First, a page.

Thoughts on Happiness and Sadness

Experience has taught me that no one is happy. But perhaps that is my own pain projecting what I, in some sadistic, self-centered, subconscious attitude, hope to be true (how sick is that)? I mean, if no one is happy, then perhaps that means my own unhappiness is somehow lessened in scope. Misery loves company and all that. Or that bullshit about how if we’re all unhappy then no one is.

Maybe. Or, perhaps there’s just the stark fact that never once in the history of my living upon this planet have I ever encountered a human being whom I could describe as being genuinely and enduringly happy. I have seen happiness, yes. I’ve even experienced it myself. But observing some fleeting happiness here and there or feeling momentarily happy is not the same as witnessing someone who is constantly or at least predominately happy. This I have never seen. I’m not sure anyone has, really.

Is it possible that “happiness”—whatever that may mean in our individual minds—is a projected state of being that exists only in theory? We all have this idea of what happiness might look like, and we all know quite well that reality doesn’t match this idea. Perhaps the resulting deficit, which is created when reality fails to meet our projections of what should be, is then interpreted to be the opposite of happiness, something we call “sadness.” If so, then what we are calling “sadness” is actually just the normal state of reality, or, if you prefer, simply what is. Sadness, then, is not actually a term of measurement that describes a necessarily negative experience, but rather is a term used to describe normalcy. But because the term “sadness” has a certain meaning and definition, the context of which we all know quite well in our various languages, we are inclined to experience the normalcy of reality as though it is a bad thing, something to be mourned and feared and wept over—something to disdain, in short. And yet all that has really happened is that instead of accepting reality as it is, we projected something better in our minds, something we called “happiness,” something that may or may not be attainable. When our projections failed to manifest in reality, we characterized ourselves as “sad” rather than “happy.” But in this sense, “happiness” is an imagined stratum of experience that, in all likelihood, is unachievable. Thus, we are consigned to sadness—a sadness which is no less projected than our version of happiness is.

In other words, our sadness is a self-fulfilling prophecy, the default consequence of not dealing with reality as it is. In fact, reality, when you really think about it, is under no obligation to be either “good” or “bad.” Indeed, reality is neither—it simply is what it is. It is we who assign meaning to our experiences. It is we who burden reality with our expectations and our sense of entitlement. Existence, which is sterile and neutral on its own, is colored only by that which we end up bringing to it. We are therefore the creators of “happiness” and “sadness.” They are experiences to be determined by us. But we behave as though they have power over us, as though happiness is some set quality that we can either experience or miss out on, and “sadness” is the default setting when “happiness” has been missed.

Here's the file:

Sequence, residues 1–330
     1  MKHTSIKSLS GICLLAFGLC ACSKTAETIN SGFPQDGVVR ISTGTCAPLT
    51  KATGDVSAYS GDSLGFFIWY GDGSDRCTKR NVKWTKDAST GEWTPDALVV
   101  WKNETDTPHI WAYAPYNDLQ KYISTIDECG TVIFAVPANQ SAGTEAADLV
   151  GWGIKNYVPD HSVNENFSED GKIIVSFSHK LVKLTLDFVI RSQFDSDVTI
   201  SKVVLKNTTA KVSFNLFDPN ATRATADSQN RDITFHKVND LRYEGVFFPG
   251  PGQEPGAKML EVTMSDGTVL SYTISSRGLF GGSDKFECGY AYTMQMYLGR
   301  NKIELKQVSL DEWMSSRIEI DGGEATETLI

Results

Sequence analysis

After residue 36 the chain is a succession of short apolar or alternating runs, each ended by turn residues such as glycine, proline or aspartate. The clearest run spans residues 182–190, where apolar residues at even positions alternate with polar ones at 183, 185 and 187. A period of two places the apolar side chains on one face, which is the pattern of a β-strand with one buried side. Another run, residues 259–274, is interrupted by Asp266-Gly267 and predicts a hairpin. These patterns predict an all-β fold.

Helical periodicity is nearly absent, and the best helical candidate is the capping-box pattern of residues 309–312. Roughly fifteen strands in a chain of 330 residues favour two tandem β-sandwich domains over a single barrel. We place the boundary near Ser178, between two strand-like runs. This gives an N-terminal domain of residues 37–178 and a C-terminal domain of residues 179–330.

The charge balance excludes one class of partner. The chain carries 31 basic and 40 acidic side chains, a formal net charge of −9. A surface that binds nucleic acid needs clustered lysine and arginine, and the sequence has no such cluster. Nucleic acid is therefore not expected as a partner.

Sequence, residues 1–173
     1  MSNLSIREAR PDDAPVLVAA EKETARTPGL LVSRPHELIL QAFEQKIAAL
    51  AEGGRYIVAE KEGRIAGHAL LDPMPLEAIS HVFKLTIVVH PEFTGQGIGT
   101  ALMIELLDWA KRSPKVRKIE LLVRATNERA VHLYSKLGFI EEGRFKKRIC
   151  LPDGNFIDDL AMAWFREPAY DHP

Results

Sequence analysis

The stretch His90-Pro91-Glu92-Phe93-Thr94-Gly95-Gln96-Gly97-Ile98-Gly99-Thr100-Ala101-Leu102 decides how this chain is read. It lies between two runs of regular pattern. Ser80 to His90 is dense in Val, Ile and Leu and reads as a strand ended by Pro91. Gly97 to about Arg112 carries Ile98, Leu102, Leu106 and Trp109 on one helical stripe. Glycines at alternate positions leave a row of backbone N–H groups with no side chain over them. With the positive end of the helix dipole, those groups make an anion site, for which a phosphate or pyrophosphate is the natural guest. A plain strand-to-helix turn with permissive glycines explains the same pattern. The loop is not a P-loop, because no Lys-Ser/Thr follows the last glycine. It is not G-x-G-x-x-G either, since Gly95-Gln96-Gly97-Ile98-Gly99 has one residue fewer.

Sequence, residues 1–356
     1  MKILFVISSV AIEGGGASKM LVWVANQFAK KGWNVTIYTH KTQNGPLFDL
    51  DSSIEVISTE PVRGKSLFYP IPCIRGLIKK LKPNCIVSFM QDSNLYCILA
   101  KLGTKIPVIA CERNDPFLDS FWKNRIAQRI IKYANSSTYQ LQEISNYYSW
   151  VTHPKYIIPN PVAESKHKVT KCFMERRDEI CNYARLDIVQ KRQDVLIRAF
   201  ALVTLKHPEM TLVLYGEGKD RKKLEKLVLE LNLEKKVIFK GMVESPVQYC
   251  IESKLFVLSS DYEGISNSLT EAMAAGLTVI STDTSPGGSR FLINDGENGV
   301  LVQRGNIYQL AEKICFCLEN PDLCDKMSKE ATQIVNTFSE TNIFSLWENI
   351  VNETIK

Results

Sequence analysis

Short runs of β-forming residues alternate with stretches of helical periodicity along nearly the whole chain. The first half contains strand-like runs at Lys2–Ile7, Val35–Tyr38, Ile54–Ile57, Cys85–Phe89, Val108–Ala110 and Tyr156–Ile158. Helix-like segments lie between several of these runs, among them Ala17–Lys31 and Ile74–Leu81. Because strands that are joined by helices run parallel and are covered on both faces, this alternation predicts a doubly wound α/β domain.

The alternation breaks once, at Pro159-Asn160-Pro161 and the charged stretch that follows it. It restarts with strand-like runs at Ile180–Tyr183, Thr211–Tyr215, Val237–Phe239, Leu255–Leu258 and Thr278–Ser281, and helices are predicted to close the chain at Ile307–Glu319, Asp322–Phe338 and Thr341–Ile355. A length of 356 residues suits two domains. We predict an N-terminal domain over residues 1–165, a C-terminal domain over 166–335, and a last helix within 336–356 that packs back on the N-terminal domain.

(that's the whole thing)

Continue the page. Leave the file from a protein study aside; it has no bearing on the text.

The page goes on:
But if we are the creators of “happiness” and “sadness” (and we must be; otherwise reality is biased on its own and we don’t stand a chance), then that means we can, each of us, be as happy or sad as we choose to be at any given time.

This hypothesis (which is by no means verified, mind you) suggests that I am the author of my own sadness, and so are you. Why, then, don’t we choose to author happiness? What is keeping humanity from making that choice in their minds? What stops us from simply deciding to be happy rather than sad in the same way we might decide to get out of bed rather than sleep in?

The answer, I think, is that we believe happiness is an arbitrary state of being that might befall us or not befall us depending on how the chips fall. Perhaps we believe happiness is some sort of karmic reflection of how we behave, and thus we are motivated to do good rather than evil. Or perhaps we believe happiness is the byproduct of dotting all the i’s and crossing all the t’s, and thus we are motivated to move meticulously through life without ever making mistakes. Whatever the case, we believe happiness is something that happens to us in the same way we might contract cancer or go bald. As such, we approach life as though it’s a lottery, one we might win but which, when we’re honest with ourselves, we know we probably won’t. Sadness is therefore the default position we assume when we lose this lottery.

What if happiness is less like a lottery and more like a buffet? What if it’s just there for the taking? What if happiness is a decision anyone can make at any time? What if—(and the implications here are staggering)—sadness is just as much a buffet? That would have to mean that most if not all the humans on this planet are loading their plates with one experience (the bad one) when they could just as easily load their plates with the other (the good one). This is a truly appalling thought, however. Why? Because it suggests that the thing we call “the human condition” is really just the biggest fucking waste of time and space and resources that has ever gone down this side of existence.


Leave a Reply

Fill in your details below or click an icon to log in: Logo

You are commenting using your account. Log Out /  Change )

Google+ photo

You are commenting using your Google+ account. Log Out /  Change )

Twitter picture

You are commenting using your Twitter account. Log Out /  Change )

Facebook photo

You are commenting using your Facebook account. Log Out /  Change )


Connecting to %s